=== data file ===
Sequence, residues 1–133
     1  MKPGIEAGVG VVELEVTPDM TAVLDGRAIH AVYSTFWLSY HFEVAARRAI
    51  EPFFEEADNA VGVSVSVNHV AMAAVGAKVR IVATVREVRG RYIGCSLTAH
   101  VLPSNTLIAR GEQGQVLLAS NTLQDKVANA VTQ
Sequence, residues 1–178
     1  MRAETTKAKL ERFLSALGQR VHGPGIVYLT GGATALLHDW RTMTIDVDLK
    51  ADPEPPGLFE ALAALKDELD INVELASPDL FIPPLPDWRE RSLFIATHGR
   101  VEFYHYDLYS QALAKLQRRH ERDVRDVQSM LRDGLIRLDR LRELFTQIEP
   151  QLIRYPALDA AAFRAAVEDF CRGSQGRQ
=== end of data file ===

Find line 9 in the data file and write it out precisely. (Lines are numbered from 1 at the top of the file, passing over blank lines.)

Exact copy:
   151  QLIRYPALDA AAFRAAVEDF CRGSQGRQ